Today (Wednesday) we started our group time with a character study on Job. After the high of looking at Jesus yesterday, Job is a far cry from that. But it was nice to be reminded of how God uses even reluctant and ungrateful people to accomplish his works (even when they are somewhere on the run from him). Höhne-Sensei made the point that God’s sovereignty is less about controlling what is going on in the universe and more about changing the hearts of people to worship his Son. Again we were thankful for that later in the day.
Following on from this Naomi lead a Bible study. To start Chris shared her testimony, and told of her up-bringing, her anger at God and how that was taken away when she came to faith in Christ at Campus Bible Study. She concluded by Jesus’ challenge in Mark 8, that those who follow after him must deny themselves and take up their cross, and his promise that those who lose their life for his sake will find true life.
The Bible study was on Isaiah 6 and Isaiah’s call to a hard and seemingly fruitless ministry, but one that is invited to share in the glory of God. The teams drew the scene to explain it. Thom being an illustrator relished the challenge. The study had to wrap up quicker than usual but we all had lunch together and a few stayed around for our お花見カフェー (flower viewing café).
Unfortunately, the temperate weather has meant the sakura (cherry blossom) trees haven’t really bloomed yet. But that didn’t stop some Moore College students intentionally ignoring cultural sensitivities and giving people flyers to invite them while their Japanese hosts explained it in a more agreeable way… Well, all except for the lovely 86-year-old lady who would throw herself in front of bike riders to make sure they got an invitation.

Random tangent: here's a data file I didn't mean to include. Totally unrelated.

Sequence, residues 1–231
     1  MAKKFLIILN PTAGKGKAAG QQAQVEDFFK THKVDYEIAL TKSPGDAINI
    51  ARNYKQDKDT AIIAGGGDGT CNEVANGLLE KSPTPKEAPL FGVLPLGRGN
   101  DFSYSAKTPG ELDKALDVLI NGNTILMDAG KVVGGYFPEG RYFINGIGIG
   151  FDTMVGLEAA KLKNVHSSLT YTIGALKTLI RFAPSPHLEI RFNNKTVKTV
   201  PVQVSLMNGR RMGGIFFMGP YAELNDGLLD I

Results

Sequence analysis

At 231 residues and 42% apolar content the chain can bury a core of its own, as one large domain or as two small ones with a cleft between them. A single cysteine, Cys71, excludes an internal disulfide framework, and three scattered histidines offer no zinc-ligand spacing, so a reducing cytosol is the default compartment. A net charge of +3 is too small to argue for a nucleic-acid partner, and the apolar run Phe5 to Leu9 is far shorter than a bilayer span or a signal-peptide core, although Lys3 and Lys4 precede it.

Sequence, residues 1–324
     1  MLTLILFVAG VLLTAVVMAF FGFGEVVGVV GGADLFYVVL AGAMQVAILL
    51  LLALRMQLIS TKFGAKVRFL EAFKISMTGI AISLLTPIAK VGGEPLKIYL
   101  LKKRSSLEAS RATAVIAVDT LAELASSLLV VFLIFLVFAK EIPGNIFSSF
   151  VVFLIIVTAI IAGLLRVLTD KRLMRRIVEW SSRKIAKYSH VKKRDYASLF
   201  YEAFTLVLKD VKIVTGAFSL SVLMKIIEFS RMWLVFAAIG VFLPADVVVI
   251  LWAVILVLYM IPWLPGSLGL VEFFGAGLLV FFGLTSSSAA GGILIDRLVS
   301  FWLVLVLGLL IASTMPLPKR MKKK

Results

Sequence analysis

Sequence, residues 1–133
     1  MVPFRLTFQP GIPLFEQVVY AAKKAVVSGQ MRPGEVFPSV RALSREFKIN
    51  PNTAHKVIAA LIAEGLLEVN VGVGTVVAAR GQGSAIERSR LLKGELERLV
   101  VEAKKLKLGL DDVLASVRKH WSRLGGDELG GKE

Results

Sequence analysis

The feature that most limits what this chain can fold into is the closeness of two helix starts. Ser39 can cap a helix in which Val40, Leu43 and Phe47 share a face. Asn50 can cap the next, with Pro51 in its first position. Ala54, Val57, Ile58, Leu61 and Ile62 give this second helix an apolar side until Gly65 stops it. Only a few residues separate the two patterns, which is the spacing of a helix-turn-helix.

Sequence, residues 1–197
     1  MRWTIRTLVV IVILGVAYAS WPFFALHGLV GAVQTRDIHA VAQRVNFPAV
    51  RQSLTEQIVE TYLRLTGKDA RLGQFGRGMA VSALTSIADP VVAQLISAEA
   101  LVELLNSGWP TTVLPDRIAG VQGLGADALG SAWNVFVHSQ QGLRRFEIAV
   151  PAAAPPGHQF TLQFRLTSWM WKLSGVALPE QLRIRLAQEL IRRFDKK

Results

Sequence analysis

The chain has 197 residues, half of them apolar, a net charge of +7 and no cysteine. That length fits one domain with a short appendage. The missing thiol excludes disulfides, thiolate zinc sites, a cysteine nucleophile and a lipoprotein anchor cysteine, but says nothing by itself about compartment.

A lady from the church, who is an accomplished pianist, played a few classical and Christian songs and explained them before handing them over to a terrified Australian to give his testimony in Japanese. I stumbled through it to everyone’s amazement and was told it had one lady in tears (later I would find out she cried at everything). I’m unsure if people were more impressed by what I said or the samurai hairstyle I was sporting. Luke also gave his testimony in Japanese and used some beautiful imagery of cherry blossoms (both in the form of photos and his words). All in all, it was a great success (apart from having few actual blossoms), and many conversations were had with people whether they stopped or not.
Afterwards we had dinner together before a prayer meeting. From what we hear almost every church in Japan has a Wednesday night prayer meeting every week. Most of us stayed at Eifuku-Minami, but some went to Hamadayama. At Eifuku Sam gave a talk which was a Biblical Theology 101 course from the Bible reading of Psalm 91. One girl, Mizuki, remembered her training in Biblical Theology at NET (the KGK version of NTE) and was very encouraged. We then had prayer points read out. Normally its person by person but we were too big (a great problem to have)! Then we prayed. It was great to pray for the churches that have done so much for us, and to know we were joining Christians right across the nation in prayer.
So if you would like to join us in prayer, please pray for:
The church Bible studies. The people that come are quite interested to learn about the Bible, and were a bit disappointed we didn’t get through everything today. Pray that this may continue to grow.
The Ohanami Café. Please pray that those who came to the “Café” and met people from the church would come back to meet Jesus. For those who kept walking past to remember that the church is there and come visit some time. And for the church members who stepped out of their comfort zone to invite strangers into their home to keep being bold to do that.
The prayer meetings. Give thanks for a church and a nation of faithful prayers. When everyone is so busy it would be difficult to lose a priority on pray. Pray that God would continue to give clear answers to these prayers and that many more people will be confident to pray as well.
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